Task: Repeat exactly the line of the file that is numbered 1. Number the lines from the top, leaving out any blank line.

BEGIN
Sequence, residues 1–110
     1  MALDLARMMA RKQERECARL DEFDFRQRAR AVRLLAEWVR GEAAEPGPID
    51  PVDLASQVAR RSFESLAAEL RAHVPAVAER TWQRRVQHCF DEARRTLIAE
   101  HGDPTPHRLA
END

Sequence, residues 1–110